Apart from the aforementioned ceramic wares, the settlement at Karabournaki has also yielded a smaller assemblage of locally or regionally produced pots that draw upon southern and eastern Greek models. Interestingly, while sometimes such models are faithfully reproduced, in most cases they are combined with each other or with elements of local inspiration, in original categories of hybrid character. Over the course of the early Iron Age, “silver slip wares” co-exist with close imitations mainly of Euboean shapes with geometric patterns (fig. 15). On the other hand, during the Archaic period external influences originate from eastern Greece and, from the 6th c. BC, also from Corinth. The so-called “Chalkidic wares” (kotylai, oinochoai, hydriai, kraters, lekanai and sipyai), which are decorated with plain or wavy bands, sometimes combined with floral patterns, are strongly dependant on eastern Greek models (fig. 16). The corinthianizing production includes a group of oinochoai, kotylai and exaleiptra, which follow closely Corinthian models, both in terms of shape and decoration (fig. 17). However, it further includes the group of the “bird kotylai” (fig. 18), which is known only from sites in central Macedonia, as well as a series of exaleiptra, which differ considerably from their Corinthian counterparts (fig. 19). Apart from the aforementioned grey burnished examples, there are also semi- or fully-glazed exaleiptra that, just like the grey ones, display a wide variety of forms.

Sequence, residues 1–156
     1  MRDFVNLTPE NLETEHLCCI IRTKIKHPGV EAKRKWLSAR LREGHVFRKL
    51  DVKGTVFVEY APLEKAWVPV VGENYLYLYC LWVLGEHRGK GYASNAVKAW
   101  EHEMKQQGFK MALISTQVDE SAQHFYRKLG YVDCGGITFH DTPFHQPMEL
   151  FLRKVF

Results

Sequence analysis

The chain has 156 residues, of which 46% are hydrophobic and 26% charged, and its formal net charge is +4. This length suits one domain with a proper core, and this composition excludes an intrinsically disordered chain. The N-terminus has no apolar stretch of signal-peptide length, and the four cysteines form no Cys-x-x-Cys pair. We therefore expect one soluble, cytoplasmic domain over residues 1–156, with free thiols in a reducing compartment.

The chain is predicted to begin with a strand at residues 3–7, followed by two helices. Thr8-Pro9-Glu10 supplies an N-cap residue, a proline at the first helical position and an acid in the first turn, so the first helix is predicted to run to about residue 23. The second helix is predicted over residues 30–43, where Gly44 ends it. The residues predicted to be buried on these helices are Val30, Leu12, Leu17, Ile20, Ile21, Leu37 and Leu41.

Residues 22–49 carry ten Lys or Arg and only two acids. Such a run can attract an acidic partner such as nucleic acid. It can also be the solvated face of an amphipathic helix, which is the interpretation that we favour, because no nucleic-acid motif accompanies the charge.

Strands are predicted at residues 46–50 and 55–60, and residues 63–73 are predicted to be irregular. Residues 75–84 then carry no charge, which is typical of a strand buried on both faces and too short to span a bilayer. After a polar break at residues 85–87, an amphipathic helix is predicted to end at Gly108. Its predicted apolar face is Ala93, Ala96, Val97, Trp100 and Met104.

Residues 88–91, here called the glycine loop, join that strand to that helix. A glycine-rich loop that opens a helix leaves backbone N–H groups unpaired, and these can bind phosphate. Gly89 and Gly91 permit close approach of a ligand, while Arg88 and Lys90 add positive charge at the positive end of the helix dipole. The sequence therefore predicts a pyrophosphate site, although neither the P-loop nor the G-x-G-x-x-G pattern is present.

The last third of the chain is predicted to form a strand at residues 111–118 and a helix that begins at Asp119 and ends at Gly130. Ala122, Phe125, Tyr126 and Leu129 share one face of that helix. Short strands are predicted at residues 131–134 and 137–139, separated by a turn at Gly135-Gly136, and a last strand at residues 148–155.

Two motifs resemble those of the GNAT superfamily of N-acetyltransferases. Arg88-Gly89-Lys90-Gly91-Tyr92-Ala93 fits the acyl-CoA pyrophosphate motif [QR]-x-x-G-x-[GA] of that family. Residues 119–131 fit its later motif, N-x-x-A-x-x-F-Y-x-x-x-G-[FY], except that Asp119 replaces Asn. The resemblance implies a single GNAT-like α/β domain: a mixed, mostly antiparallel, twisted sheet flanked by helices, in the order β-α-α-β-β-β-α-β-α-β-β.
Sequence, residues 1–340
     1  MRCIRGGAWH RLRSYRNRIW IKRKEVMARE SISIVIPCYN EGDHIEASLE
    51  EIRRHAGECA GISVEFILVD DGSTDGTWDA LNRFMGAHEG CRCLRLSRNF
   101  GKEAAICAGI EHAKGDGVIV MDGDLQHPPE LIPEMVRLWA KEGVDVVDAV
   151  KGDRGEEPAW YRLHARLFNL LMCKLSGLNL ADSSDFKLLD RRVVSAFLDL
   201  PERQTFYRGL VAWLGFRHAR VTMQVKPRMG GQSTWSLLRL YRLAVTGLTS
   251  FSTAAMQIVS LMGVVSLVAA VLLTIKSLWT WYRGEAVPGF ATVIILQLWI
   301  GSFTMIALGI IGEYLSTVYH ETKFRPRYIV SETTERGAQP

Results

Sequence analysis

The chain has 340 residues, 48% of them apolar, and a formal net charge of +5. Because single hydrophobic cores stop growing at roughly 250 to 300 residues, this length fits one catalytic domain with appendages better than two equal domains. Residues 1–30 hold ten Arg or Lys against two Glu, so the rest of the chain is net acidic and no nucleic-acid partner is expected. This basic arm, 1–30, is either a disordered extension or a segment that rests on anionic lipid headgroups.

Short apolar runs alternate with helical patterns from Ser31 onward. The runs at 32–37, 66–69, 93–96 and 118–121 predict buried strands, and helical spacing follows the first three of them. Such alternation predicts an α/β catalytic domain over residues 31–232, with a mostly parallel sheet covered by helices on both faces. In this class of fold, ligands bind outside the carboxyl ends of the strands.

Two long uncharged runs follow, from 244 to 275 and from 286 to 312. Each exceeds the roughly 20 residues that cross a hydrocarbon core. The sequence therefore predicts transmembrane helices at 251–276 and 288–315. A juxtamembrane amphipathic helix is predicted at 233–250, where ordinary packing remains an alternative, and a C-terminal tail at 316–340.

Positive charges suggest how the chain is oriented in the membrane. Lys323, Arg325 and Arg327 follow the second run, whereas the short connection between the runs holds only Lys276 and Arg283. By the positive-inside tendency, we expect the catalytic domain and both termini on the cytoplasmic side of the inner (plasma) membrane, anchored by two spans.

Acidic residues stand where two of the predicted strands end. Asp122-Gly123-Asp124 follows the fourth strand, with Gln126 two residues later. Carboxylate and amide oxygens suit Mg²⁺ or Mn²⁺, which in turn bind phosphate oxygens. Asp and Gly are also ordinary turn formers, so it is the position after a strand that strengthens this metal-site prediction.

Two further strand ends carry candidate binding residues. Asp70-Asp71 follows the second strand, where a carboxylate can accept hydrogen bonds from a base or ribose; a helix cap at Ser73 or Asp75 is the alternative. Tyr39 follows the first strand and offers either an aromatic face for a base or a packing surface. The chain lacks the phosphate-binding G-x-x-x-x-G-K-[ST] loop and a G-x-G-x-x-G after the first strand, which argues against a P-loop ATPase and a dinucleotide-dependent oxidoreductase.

Locally or regionally produced vases with figured decoration are very rare at Karabournaki. With the exception of the animal friezes that appear on some corinthianizing vases, the only other known figured scenes, which depict a deer hunt, decorate an Archaic column krater (fig. 20). Equally unique is the plastic bird attached to the handle of an Archaic jug made by a local potter (fig. 21).     

Vivi Saripanidi